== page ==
Hudson Formula: (3)

H.O / Profit Percentage x Contract Sum x Period of Delay

100 Contract period

Eichleay Formula: (3)

1. Contract Billings x Total Overhead for Contract period = Overhead

Total Billings allocable to Contract

In actual Contract Period

2. Allocable Overhead = Daily Contract Overhead

Days of Performance

3. Daily Contract Overhead x Number of days delay = Total unabsorbed Head

Office Overhead


The profit element in a claim is not recoverable, as it does not fall in the determination of cost as per the FIDIC provisions.

However, in case of variations / additional works the profit element can be added to the workouts, since the mark � up on prime cost is allowed for �overheads and profit�.

Risk, Contingencies and Margin

Risk is a combination of the probability or frequency or occurrence of a defined hazard and the magnitude of the consequences of the occurrence (2). Hazard is defined as a situation that could occur during the lifetime of a product, system or plant that has the potential for human injury, damage to property, damage to the environment, or economic loss (2)

Contingencies are the cost provided by the contractor to cater for some unforeseeable events (2). Normally this is expressed as a percentage to the total cost of the works.

Margin is the percentage of earning the contractor planned to gain from the project (2)


To conclude, costing of claims is one of the critical areas in any construction industry. As discussed in detail in this paper, the process and procedure of claim management in construction starts with understanding the concept, basis of claim, keeping the supporting documents, serving the Notices and detailed particulars within the stipulated time, co-ordination between the people, proper allocation of the cost and finally appreciable presentation. By adopting the right steps at the right time will definitely enable one to fulfill the contractual entitlement. The author through his past experiences urges all Project Team Members to be acquainted with provisions of Contract in particular of the various Notice provisions towards successful realization of justified entitlement.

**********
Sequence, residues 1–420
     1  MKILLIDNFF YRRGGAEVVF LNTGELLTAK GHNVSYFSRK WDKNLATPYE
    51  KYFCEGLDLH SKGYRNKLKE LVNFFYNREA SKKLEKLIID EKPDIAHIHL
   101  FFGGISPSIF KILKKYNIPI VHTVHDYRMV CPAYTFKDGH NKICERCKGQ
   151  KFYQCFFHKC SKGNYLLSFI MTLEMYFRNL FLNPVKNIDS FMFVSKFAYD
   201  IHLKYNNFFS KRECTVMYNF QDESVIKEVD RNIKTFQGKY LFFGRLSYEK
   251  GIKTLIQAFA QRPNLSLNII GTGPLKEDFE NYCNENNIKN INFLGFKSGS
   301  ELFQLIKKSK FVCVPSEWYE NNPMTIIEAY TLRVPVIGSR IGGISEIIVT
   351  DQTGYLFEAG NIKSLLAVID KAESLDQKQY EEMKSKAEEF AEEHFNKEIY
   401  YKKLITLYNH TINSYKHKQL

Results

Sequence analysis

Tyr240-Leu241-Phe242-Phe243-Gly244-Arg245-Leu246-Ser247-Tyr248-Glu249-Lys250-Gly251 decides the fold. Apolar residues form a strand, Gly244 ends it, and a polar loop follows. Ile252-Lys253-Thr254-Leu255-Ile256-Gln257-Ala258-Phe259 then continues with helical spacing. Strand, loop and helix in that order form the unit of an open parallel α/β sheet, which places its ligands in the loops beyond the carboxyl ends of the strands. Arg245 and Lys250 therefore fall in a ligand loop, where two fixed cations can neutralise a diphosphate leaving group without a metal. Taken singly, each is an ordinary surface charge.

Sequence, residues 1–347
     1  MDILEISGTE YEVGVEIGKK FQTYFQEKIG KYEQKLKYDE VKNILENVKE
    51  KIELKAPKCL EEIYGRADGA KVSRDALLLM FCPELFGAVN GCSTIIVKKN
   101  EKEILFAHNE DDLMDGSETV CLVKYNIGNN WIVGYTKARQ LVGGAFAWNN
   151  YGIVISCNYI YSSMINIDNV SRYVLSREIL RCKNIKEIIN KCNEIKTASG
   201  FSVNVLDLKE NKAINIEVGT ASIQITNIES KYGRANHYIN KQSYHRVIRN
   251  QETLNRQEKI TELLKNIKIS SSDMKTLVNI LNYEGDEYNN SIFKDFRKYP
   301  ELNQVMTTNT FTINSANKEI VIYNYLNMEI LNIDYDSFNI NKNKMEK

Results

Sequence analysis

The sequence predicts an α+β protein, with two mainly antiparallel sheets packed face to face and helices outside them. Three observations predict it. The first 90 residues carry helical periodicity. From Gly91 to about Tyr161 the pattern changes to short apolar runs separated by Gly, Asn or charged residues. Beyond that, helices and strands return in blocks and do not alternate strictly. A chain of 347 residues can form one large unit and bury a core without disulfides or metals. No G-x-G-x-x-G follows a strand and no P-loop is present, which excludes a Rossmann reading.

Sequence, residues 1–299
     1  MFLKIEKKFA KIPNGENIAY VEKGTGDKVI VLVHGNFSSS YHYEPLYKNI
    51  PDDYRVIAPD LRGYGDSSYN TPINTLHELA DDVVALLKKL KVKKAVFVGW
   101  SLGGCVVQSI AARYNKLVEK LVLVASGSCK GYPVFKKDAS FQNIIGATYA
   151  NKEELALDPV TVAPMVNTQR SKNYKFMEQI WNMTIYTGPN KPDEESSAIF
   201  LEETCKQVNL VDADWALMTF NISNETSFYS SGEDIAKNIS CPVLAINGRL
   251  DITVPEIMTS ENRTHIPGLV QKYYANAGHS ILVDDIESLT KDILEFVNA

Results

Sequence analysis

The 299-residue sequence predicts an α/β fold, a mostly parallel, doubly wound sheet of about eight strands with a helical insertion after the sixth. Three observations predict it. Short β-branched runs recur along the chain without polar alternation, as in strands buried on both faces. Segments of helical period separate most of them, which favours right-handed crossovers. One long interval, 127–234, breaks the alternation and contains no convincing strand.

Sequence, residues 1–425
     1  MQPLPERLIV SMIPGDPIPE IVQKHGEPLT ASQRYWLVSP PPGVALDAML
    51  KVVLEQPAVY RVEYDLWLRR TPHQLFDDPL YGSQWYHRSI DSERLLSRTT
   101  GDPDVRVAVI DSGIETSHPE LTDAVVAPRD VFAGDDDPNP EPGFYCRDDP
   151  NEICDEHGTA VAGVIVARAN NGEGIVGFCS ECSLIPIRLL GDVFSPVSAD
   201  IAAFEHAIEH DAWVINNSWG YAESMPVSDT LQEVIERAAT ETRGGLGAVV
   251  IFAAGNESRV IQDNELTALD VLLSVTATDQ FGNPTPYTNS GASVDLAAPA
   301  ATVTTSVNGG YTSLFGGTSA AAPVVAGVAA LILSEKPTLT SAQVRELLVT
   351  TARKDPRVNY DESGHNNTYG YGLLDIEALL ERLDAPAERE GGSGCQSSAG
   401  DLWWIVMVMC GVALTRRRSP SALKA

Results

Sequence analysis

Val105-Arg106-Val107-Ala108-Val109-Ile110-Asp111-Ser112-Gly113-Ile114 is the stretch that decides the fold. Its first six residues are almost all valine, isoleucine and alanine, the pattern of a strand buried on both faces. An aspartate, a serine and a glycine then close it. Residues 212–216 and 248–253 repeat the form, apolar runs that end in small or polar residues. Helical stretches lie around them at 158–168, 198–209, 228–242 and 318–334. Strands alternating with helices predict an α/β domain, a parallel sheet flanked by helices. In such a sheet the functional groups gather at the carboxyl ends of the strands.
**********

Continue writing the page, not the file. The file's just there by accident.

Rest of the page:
1. Delaying Events �Time & Cost Notice Provisions- Figure 1 � Page 7

2. Understanding of �COST� for the Owner � Figure 2 - Page 10

3. Understanding of �COST� for the Contractor � Figure 3 � Page 11


FIDIC - Federation International Des Ingenieurs-Conseils is one standard form of conditions of contract for Engineering Works which is accepted all over the world. FIDIC is the international Federation duly elected associations of consulting engineers representing the profession in their respective countries (1)

CLAIM is defined as a general term for the assertion of a right to money, property, or to a remedy (2)

RISK is a combination of the probability or frequency or occurrence of a defined hazard and the magnitude of the consequences of the occurrence (2)

HAZARD is defined as a situation that could occur during the lifetime of a product, system or plant that has the potential for human injury, damage to property, damage to the environment, or economic loss (2)

CONTINGENCIES are the cost provided by the contractor to cater for some unforeseeable events (2)

MARGIN is the percentage of earning the contractor planned to gain from the project (2)


(1) Federation Internationale Des Ingenieurs �Conseils; The Conditions of

Contract for Works of Civil Engineering Construction 4th edition,

1987 reprinted 1992.

(2) The FIDIC Form of Contract � The Fourth Edition of the Red Book,

Second Edition by NAEL G. BUNNI - A Blackwell Publication.

(3) Society of Construction Law; Delay and Disruption Protocol; October

2002, reprint October 2004